Pubdate: Mon, 17 Jan 2000
Source: Evening News (UK)
Copyright: Eastern Counties Newspapers Group Ltd,2000
Author: P. King


I APPLAUD the care and dedication that J. Hutt (Evening News, January 10)
accords to his / her son, whom they refer to as their "forever babe".

We refer to our beloved son David as "forever 22" (years of age). That was
his age in 1984 when we buried him.

What has enraged me is that J. Hutt, who obviously has tenderness and
compassion towards his own offspring, should have become - in the often
traumatic turmoil of caring for such a severely stricken child - so
bitterly twisted in attitude to the offspring of others who, as happened to
my son, have become caught up in the misuse of drugs.

J. Hutt actually welcomes the death of these unfortunates.  I quote: "The
sooner they overdose the better."

We had no idea our David had a problem until about two years before his
death, when he was in and out of various mental hospitals.

Only after his death did we become aware of just how badly effected he was
and just how long it had gone on.

At the age of 10, he was using speed, supplied to him by a man who is now a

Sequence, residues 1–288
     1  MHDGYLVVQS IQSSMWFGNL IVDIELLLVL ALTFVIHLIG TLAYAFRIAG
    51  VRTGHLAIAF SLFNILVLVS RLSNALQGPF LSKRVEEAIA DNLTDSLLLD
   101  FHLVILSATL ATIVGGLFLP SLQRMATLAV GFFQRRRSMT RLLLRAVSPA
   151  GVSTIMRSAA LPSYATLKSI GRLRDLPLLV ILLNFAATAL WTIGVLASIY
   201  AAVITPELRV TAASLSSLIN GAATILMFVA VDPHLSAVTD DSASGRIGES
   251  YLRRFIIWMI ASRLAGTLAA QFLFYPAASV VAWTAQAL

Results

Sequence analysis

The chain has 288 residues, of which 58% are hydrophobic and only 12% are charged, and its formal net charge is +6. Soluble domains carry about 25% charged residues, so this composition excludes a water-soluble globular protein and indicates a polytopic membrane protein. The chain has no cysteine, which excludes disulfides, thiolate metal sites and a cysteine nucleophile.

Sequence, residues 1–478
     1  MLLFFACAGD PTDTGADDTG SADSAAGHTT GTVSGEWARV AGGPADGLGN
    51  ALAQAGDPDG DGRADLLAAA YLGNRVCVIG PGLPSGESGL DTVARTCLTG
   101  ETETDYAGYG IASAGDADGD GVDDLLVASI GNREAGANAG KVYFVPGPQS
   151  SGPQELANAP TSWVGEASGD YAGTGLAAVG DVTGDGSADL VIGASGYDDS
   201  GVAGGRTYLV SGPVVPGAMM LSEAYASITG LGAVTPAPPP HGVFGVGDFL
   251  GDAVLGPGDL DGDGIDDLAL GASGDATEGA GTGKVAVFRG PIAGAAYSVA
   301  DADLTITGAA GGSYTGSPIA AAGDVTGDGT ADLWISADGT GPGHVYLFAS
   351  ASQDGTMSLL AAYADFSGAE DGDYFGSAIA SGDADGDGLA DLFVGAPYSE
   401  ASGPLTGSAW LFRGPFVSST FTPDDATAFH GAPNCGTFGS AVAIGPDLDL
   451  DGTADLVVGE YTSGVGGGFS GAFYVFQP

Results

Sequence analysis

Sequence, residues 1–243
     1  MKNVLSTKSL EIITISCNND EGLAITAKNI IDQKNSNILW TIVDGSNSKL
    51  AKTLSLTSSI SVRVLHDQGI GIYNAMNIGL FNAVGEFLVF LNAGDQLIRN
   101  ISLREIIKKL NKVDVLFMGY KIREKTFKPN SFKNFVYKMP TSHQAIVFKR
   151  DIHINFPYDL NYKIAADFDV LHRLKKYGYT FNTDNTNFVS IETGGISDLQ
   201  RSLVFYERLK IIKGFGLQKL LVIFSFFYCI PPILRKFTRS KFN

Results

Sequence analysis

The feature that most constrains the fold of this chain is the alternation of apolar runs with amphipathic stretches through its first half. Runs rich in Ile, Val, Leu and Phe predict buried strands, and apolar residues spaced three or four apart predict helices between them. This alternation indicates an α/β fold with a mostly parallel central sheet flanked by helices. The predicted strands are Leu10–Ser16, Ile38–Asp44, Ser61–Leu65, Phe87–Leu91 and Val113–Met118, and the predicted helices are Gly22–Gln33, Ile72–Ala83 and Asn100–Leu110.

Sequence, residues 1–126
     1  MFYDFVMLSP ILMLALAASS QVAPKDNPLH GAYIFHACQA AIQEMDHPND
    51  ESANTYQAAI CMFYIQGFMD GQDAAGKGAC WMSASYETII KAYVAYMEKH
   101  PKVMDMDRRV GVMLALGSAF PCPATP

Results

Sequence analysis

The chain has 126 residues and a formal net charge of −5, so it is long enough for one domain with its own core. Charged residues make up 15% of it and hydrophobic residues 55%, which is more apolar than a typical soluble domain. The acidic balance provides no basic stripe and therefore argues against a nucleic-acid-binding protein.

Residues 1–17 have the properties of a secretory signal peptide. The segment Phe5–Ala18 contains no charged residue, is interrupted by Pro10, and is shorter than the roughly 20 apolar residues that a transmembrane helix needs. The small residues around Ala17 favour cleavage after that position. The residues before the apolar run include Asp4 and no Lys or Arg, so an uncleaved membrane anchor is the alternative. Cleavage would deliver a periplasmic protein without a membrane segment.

And my inquiries into his suppliers led me to other people in positions of
authority which would shake J. Hutt, who does not place the blame for drug
use where it truly belongs - on the supplier, not the unfortunate addict.

Far from being from a deprived background, David was well loved, the only
child of a marriage, which has endured for almost 40 years.

So the purpose of this letter is to point out to all and sundry that drug
addiction can happen to anyone.  And there is no such thing as a soft drug.

My son started by smoking and then his "mates" spiked his smokes with
cannabis. The rest, as they say is history.

Enjoy your "forever baby", J. Hutt.  My family and I wish you well and may
God be with you.

But please, in future, do not judge others until you've walked a mile in
their moccasins.  Never wish anyone dead.

P. King
Woodhill Rise
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